5G holds great promise. The next-generation wireless network will enable large-scale internet of things applications and support blisteringly fast data processing across a diverse array of devices on a massive scale. Today’s 4G status quo will not be an option when it comes to supporting low-latency use cases like mobile 4K videos, virtual and augmented reality, autonomous driving, robotics and a plethora of yet-to-be-conceived innovative services.
But the promise of 5G will remain just that without the all-in commitment by mobile operators to use artificial intelligence.
It’s not that mobile operators are currently failing to harness data. Many are processing user data, network data and, increasingly, IoT data. However, the sheer scale of 5G means that current data analytics capabilities must evolve. That means operators must invest in AI if they expect to take full advantage of the potential of 5G.
There are two complementary areas for the application of AI. First, as a productivity driver in the product development process, and therefore time to market; and second, to power autonomous intelligent platforms for IoT and other customer-facing services. Together, the tangible benefits of AI are significant for operator business growth, margins and the delivery of the all-important customer experience.
The stakes couldn’t be higher. Here is what AI will mean for mobile operators.
AI brings the ability to enhance the development lifecycle. Integrating machine learning across the DevOps process will result in significant productivity gains and faster time to market. Operators already see significant efficiencies from increased automation across DevOps, but more sophisticated forms of machine learning will deliver improved uptime, predictive defect detection and root-cause analysis. These will come from the integration of AI into specialist machine-learning toolchains that can be used to support many use cases.
Beyond development, AI will play a decisive role in managing network capacity, freeing up resources, improving availability and deepening customer engagement.
Smart thinking in an IoT world
Central to the 5G proposition is the technology’s ability to support the demands of IoT. That is, to provide mass connectivity across diverse devices and process data into business insights in real time. To make good on the promise of smart cities and factories, connected cars, telematics and wearables require AI. Gartner predicted there will be nearly 21 billion connected devices by 2020. A handful of operators are finding ways to define and manage virtual network functions, policies, resource consumption and performance metrics to meet this challenge. Today, there are AI-based platforms dedicated to the management and orchestration of networks capable of these tasks.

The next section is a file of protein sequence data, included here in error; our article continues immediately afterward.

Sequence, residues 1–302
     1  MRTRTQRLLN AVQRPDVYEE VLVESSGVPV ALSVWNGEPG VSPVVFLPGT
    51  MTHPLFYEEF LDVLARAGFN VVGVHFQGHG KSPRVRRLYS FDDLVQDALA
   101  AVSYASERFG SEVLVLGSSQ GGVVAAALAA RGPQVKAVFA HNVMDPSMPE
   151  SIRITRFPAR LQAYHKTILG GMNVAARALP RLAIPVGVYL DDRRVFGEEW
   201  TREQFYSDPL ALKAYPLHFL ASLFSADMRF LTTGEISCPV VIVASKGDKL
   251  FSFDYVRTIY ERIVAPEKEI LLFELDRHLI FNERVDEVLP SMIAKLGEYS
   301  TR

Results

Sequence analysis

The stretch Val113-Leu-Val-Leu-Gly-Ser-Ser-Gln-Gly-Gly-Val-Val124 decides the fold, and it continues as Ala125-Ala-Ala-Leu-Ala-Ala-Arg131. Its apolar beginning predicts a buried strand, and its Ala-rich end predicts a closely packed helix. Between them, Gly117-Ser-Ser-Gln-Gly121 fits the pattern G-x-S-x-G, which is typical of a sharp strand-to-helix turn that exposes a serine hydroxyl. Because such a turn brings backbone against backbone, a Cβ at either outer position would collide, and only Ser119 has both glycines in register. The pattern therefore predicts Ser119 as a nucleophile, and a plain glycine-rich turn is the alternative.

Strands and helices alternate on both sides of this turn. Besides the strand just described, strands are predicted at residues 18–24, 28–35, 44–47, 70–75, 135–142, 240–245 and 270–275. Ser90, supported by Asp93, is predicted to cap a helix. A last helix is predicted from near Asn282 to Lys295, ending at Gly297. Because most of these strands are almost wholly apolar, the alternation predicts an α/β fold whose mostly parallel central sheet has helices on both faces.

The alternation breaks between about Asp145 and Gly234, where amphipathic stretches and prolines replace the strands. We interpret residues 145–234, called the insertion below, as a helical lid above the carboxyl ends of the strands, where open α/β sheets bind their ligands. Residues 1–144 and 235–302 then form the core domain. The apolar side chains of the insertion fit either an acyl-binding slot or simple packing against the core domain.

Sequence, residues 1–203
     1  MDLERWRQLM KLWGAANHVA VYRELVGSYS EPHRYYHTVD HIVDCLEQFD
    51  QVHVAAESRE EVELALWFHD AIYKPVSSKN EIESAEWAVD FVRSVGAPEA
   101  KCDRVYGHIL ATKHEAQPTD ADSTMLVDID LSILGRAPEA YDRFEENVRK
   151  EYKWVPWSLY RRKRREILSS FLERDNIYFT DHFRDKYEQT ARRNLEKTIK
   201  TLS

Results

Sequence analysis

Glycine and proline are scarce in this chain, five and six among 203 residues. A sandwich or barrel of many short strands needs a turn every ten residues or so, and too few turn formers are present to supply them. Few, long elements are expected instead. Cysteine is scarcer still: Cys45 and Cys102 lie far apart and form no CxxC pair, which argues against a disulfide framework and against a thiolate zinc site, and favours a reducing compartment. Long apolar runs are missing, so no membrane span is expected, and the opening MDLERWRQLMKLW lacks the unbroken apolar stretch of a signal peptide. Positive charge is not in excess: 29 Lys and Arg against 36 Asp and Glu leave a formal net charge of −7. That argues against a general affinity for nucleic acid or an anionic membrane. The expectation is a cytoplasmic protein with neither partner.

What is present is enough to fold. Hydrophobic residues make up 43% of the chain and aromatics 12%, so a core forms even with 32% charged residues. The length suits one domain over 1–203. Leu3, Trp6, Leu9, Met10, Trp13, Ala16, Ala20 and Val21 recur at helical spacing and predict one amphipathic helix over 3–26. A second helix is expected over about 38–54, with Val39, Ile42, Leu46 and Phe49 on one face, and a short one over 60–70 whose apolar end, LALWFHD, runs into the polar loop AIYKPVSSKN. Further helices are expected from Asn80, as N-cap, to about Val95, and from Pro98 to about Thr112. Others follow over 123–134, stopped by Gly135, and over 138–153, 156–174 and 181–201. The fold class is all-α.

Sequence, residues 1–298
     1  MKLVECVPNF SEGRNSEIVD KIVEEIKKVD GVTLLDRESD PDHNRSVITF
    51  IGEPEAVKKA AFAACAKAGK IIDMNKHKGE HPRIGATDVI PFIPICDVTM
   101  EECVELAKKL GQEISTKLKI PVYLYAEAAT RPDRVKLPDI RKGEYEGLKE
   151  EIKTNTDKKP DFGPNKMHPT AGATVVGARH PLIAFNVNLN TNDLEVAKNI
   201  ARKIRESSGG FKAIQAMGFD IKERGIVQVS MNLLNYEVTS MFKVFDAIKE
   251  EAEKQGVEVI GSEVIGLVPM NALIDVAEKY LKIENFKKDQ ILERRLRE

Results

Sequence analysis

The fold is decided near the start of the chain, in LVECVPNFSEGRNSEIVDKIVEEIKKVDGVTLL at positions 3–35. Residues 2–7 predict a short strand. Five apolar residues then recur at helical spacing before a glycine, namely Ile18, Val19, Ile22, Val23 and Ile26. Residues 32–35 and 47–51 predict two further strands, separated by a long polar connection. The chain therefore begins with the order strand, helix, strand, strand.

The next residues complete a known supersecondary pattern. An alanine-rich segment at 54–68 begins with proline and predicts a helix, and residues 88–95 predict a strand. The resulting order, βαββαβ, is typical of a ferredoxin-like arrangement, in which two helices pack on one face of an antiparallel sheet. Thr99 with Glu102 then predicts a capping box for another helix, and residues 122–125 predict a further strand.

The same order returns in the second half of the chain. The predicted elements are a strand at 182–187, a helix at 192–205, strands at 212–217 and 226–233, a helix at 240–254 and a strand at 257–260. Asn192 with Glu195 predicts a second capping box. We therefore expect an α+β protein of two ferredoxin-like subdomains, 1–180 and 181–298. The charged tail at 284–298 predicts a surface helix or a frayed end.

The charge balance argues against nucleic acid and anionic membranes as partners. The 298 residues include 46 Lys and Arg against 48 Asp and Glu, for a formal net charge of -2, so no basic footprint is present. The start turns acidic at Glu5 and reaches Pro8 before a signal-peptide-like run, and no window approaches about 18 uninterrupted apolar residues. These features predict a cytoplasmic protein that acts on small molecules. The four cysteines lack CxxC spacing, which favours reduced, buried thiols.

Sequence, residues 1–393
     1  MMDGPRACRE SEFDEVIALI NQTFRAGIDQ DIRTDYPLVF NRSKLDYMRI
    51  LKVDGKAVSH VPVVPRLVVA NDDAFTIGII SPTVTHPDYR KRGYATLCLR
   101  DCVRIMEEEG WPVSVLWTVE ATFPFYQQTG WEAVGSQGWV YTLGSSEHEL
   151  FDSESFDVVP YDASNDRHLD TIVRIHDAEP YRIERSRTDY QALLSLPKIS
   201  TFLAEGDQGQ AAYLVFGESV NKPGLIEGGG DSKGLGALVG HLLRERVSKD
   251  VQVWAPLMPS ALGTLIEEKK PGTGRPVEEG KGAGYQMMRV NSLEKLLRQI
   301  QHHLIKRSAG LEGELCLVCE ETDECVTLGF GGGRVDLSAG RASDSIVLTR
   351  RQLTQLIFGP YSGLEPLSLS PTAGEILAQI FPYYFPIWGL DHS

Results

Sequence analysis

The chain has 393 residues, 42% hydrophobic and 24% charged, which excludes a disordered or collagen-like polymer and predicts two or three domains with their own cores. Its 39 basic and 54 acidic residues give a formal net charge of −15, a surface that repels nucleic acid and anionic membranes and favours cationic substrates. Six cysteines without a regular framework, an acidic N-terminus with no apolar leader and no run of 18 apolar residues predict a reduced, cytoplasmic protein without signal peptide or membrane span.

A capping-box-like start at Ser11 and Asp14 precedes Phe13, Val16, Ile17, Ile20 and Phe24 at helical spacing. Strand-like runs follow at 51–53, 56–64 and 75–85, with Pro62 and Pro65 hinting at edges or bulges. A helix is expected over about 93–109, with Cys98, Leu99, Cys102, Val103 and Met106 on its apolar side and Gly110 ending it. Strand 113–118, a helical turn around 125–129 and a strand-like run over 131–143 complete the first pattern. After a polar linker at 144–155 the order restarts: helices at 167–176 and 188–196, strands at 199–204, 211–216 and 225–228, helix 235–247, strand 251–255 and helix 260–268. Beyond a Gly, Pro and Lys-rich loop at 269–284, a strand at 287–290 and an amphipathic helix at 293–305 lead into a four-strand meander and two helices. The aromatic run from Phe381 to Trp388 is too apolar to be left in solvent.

Data-driven customer engagement
In a 5G world, operators will be judged on their ability to deliver enhanced, contextual services to customers. Advanced data analytics and AI will be essential for delivering these services, in part, because they identify the bandwidth requirements for the customer experience. An AI-powered management layer translates a customer’s intent and uses that insight to configure the network, optimize resources, remediate issues and launch services based on workload models.
This intent-based layer will control physical and virtual networks and network function virtual orchestrators. Operators can further drive customer loyalty by utilizing AI throughout the customer relationship — for example, by providing service recommendations based on existing usage, telemetry and cutting-edge customer care.
As Gartner advised, operators need to do the groundwork now to ensure they are positioned to roll out effective AI technologies for 5G. This includes investing in skills, processes and tools for setup, system integration, algorithm and approach selection, data preparation and model creation.
The bottom line
As consumers are exposed to an increasing array of AI-based applications, their expectations for rich, immersive experiences will dictate the suite of network services network operators must provide. 5G has the power to deliver these experiences, but mobile operators must be realistic about the challenges ahead. They must transition from automation to predictive capacity planning and service delivery. Intelligent resource deployment in areas such as service provisioning, orchestration, network function virtualization and software-defined networking are key.
In the end, the success of a 5G network rollout will depend in large part on the operator’s ability to harness AI across the network value chain.
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